PBS/OZY Series The Contenders Premieres Tonight

A new series seeks to understand elections past.

Much is made about this election’s historic and unprecedented nature, in ways good, and bad, and good for television. But as 2016 is placed and judged against the sweep of history, the sense of what came before, what elections and campaigns of the past actually looked and felt like, is often missing.

The Contenders – 16 for ’16, a joint project between PBS and OZY Media that premieres tonight at 8 p.m. ET on PBS, seeks to explore that history before the current election becomes past.

The premiere episode devotes half its time to Shirley Chisholm‘s candidacy and half to Sen. John McCain–looking at both his 2000 and 2008 campaigns. Each subsequent episode will feature two candidates, often one Republican and one Democratic, who in some way represent a similar idea.

For host Carlos Watson, Chisholm and McCain were both “people who had spoken openly,” as he explained in a Q&A following the New York premiere of the show last night. Q&A particpant Robert Gottlieb, who had been Chisholm’s student coordinator, wasn’t so sold on the similarities.

But it would have been hard to compare Chisholm, the first Black female major-party primary contender, to anybody. She was singular–for her time and for the symbol she came to be. As Fordham Professor Christina Greer explained during the Q&A, “In the 70s, she was able to try and tackle race and gender, just so that one day someone ran, whether it be Hillary Clinton or Barack Obama, they can look to her as a beacon. Everyone knows, in any origin story, there are always people who have sacrificed before you make it.”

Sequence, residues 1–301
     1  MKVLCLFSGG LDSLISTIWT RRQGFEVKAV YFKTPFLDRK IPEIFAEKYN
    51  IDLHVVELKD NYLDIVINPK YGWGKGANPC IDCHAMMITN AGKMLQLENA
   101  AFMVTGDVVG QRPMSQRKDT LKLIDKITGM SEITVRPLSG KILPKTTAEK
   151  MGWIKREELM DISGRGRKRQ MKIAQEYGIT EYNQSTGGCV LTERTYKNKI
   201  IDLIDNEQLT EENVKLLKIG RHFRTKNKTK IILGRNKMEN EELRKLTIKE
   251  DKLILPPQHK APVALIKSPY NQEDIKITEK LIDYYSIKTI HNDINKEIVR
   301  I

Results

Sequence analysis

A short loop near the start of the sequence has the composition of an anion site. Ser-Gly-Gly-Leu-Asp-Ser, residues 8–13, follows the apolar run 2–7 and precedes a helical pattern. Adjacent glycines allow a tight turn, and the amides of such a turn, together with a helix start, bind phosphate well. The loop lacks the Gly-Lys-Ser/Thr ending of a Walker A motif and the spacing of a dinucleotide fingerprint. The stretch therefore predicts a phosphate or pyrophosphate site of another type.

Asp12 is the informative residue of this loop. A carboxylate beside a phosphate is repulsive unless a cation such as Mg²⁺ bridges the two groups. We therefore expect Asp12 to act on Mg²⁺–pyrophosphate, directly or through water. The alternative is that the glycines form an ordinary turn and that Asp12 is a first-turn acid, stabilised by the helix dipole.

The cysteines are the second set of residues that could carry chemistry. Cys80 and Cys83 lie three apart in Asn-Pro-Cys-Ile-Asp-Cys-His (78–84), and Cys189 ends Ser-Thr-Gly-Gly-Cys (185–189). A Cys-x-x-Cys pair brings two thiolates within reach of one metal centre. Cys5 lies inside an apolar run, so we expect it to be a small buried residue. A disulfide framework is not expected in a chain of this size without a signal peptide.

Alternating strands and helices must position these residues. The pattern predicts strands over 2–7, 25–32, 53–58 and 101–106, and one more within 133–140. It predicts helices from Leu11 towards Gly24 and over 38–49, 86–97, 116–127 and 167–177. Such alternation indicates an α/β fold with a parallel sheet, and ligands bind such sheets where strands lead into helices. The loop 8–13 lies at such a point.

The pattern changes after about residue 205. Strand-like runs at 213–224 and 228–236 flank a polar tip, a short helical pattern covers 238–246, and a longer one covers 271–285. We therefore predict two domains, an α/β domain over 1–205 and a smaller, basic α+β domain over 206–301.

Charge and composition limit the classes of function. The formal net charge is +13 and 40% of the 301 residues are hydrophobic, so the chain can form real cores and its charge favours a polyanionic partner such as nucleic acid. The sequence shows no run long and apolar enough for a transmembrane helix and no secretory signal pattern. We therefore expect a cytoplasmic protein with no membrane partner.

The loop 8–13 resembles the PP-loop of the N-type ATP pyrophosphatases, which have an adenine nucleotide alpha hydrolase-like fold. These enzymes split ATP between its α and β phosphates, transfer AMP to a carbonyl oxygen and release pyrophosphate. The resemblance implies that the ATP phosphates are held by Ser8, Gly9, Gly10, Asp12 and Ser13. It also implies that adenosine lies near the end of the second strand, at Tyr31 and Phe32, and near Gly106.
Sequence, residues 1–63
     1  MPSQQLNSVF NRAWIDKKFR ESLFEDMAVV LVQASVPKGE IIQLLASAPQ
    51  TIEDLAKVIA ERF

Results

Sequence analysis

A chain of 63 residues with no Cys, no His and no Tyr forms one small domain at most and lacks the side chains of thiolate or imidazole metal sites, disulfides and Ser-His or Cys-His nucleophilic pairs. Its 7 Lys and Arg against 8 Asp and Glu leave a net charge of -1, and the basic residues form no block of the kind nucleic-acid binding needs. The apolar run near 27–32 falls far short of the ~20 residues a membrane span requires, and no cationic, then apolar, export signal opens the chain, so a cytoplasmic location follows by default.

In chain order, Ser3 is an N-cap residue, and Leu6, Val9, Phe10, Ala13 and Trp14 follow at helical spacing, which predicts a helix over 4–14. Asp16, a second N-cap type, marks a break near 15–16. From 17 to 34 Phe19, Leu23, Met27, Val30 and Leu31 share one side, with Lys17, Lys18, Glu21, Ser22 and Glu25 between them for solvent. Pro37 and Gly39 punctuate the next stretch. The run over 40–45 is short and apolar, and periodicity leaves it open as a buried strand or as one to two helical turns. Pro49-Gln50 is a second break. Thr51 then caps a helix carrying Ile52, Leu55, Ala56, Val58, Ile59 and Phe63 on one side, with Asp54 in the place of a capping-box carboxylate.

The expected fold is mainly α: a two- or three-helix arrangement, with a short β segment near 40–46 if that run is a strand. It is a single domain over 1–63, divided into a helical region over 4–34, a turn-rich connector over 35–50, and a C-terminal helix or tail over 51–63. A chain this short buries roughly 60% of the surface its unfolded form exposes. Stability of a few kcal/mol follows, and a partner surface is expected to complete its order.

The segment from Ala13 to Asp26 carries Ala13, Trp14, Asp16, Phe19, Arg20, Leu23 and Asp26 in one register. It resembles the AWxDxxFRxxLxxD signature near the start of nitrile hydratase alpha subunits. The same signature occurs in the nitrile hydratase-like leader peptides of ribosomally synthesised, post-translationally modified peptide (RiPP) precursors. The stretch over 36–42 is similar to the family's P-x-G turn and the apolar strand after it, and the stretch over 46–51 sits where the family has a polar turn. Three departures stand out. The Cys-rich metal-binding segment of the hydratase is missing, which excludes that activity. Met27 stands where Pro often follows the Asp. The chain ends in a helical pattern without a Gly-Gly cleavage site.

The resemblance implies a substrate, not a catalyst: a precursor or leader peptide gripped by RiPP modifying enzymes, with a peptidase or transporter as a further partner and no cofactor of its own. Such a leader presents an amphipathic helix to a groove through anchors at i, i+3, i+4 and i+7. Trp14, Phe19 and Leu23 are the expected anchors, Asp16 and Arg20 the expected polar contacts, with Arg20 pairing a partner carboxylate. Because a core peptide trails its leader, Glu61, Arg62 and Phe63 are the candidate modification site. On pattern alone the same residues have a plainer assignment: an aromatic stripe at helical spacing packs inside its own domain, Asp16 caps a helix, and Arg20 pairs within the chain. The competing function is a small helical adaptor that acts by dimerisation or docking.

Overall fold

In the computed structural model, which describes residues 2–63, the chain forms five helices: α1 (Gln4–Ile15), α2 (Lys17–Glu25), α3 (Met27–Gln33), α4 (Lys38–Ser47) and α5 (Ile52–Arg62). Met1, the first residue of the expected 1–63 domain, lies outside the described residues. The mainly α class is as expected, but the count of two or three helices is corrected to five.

That is now. Back then, said Gottlieb, “Her victory was going to be enough delegate votes so she could go to Frank Mankiewicz who is working with [George] McGovern at the time and somehow affect the platform, as if the platform ever means a damn thing in politics. But her view was to move the marker just a little bit. That was the victory. Unfortunately, she at the end didn’t feel she had achieved that goal. She just didn’t win enough delegates to be a power broker at the convention.”

But Chisholm was neither just symbolic legacy nor historic failure. “History is always kind to people who are truthful to themselves,” said Greer, “so we have Barbara Lee, we have all these people who worked on her campaign that have gone off in politics and done amazing things.”

“What’s past is prologue,” as the Shakespearian quote goes. The Contenders reminds us why this is true as ever.